There is an irony in the assassin’s name, because Benjamin Netanyahu helped stoke the hatred against Rabin. In July 1995, Bibi led a mock funeral procession featuring a coffin and a hangman’s noose at an anti-Rabin rally where protesters chanted “Death to Rabin.” When Shin Bet chief Carmi Gillon warned Bibi that there was a plot on Rabin’s life and urged him to help tone down the hateful rhetoric he and others were using, Bibi refused to do so. He later denied that he ever intended to incite violence—and he ended up being Israel’s longest serving prime minister to date, a position he hopes to regain in the future.

Gedaliah’s assassination began a process that, within five years, led to our expulsion from our homeland, and the beginning of an exile that for the majority of us has continued from that day to this. That is why, even before our Sages of Blessed Memory came on the scene, we already marked the day of that murder by fasting and with prayer. To this day, the 3rd of Tishrei, the day after Rosh Hashanah, is known as Tzom Gedaliah, the Fast of Gedaliah.

By all rights, the story of the Jewish people should have ended when that First Exile began. Everything we were was rooted in the land—our identity, our culture, our sacred traditions, our modes of worship, even God’s promises to us. Other peoples, faced with a similar fate, disappeared from history. Gedaliah’s murder should have led to our extinction.

Yet we survived. We had Jeremiah and Ezekiel and Zechariah and many people whose names we do not know—prophets of God and men of vision who were filled with Ahavat Yisrael, with love for the People Israel. They would not let us shrivel and die, and we did not.

As it was with the murder of Gedaliah ben Achikam, so it is with the murder of Yitzchak ben Nechemiah.

The historians of another century, God forbid, may look back on the 12th of Cheshvan, 5756, and see that on that day there began an equally tragic process that will be mourned for thousands of years to come. We have no visionary leaders today like Jeremiah or Ezekiel, who can rise above their individual beliefs to turn tragedy into triumph. If such leaders do exist, they have yet to show themselves to us.

There need not be a Tzom Yitzchak in the future as there is a Tzom Gedaliah today. There is time for the Jewish people—in Israel and out, Orthodox, Conservative, Reform, Reconstructionist, and secular, peace now or peace later or even peace never—to come together. There is time, but as yet there are few signs that this is possible.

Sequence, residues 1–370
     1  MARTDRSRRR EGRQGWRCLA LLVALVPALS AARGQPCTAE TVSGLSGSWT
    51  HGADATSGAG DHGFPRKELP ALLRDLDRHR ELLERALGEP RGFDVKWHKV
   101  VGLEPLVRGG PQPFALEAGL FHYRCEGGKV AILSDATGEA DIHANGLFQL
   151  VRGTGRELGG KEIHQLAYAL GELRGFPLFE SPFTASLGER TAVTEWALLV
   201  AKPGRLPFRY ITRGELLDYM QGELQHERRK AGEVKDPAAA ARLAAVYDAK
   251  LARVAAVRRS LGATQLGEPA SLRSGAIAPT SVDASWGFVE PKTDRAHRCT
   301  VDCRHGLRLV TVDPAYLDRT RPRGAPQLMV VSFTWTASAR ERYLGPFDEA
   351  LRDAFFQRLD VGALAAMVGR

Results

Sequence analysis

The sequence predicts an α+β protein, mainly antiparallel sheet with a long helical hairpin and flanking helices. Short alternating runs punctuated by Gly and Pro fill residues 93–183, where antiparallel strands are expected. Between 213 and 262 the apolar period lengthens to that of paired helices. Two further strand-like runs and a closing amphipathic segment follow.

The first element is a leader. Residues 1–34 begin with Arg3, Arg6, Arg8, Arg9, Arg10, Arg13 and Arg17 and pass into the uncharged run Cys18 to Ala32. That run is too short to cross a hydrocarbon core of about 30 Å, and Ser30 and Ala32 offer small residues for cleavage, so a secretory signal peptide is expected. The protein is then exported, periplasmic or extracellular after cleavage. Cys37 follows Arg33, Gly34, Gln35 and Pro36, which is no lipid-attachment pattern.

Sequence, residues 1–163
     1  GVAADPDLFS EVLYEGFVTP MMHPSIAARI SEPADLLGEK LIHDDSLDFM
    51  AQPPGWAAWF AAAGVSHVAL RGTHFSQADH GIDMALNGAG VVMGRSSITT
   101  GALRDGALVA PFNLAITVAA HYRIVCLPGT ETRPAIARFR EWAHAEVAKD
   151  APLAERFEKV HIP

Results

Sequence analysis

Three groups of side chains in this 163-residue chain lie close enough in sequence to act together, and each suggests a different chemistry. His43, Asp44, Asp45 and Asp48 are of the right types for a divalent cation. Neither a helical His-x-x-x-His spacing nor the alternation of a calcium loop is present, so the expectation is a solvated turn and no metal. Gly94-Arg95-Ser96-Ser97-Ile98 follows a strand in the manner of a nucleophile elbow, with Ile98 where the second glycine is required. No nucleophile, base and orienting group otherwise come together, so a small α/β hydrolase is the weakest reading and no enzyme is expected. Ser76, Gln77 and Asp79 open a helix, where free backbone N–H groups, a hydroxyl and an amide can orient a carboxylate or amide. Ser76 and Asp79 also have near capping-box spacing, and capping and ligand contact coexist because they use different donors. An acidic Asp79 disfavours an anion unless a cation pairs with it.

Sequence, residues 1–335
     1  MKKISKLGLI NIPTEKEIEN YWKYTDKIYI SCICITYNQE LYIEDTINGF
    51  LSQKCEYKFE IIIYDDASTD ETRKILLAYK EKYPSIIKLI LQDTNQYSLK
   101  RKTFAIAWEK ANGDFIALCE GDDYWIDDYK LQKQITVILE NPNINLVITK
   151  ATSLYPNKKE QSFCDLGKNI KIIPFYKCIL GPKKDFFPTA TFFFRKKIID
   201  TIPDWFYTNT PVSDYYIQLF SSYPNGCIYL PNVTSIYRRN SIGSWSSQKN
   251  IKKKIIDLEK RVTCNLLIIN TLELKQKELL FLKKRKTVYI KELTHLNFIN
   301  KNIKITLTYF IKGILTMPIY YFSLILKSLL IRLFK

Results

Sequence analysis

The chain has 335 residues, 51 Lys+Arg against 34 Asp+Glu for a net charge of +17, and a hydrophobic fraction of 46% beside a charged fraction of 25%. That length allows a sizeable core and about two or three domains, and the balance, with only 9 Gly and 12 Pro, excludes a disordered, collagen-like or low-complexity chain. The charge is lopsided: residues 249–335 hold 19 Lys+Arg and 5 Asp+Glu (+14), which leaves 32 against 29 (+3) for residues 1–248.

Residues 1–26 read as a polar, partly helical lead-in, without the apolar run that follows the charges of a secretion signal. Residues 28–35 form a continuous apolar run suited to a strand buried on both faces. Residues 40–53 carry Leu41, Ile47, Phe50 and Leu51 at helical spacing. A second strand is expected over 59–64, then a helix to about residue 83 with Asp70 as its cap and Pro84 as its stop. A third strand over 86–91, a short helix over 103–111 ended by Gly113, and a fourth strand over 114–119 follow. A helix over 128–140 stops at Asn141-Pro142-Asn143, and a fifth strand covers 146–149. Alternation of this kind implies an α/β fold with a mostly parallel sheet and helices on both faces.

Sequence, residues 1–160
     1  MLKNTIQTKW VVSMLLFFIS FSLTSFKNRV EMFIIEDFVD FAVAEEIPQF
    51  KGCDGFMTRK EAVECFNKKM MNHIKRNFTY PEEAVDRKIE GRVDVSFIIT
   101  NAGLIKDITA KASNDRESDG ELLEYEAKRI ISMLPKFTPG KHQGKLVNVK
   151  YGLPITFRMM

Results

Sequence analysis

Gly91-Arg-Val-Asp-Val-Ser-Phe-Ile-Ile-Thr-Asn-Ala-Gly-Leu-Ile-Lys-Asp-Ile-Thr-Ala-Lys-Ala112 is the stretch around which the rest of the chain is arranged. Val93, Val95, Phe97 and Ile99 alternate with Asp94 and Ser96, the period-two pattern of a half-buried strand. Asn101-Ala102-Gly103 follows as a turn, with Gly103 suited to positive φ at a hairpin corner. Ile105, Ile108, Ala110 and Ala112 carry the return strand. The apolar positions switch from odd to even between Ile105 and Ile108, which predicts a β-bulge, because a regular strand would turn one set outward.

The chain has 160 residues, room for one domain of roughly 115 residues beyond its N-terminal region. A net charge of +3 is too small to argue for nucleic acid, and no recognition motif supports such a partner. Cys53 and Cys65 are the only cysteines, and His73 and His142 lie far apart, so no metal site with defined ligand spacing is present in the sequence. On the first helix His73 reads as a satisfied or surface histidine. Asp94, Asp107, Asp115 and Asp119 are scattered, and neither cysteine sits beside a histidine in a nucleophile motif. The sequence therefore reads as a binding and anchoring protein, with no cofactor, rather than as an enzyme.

The gun that killed Yitzchak Rabin need not be the starter pistol for disaster. But first, all of us must be willing to let go of our arrogance and our triumphalism; all of us must be willing to admit that no one of us has all the answers, and that the answers coming from the other side may be as valid as our own. To demonize those with whom we disagree is to violate doing what is righteous and just.

Arrogance and triumphalism led one Jew to kill another in the name of God—2,600 years ago and again 26 years ago—and the course of Jewish history was changed for the worse by those events.

All of us must recognize that Judaism is not one thing or the other; Judaism is everything together—a religion, a nationality, a system of values and ethics, a way of living, an approach to God. It is the strict constructionism of sages such as Shammai and the reformist liberalism of sages such as Hillel.

Above all, it is about being proactive in doing what is righteous and just.

We still have not confronted the question of how our collective inertia played a part in the killing of Yitzchak Rabin 26 years ago.

If we, both from our sectarian perspectives and as a community as a whole, do not soon confront what it means to do what is righteous and just, which is the only reason we exist as a people, and if we do not act upon what we learn about it, we will have only ourselves to blame for the consequences.

Shammai Engelmayer is a rabbi-emeritus of Congregation Beth Israel of the Palisades and an adult education teacher in Bergen County. He is the author of eight books and the winner of 10 awards for his commentaries. His website is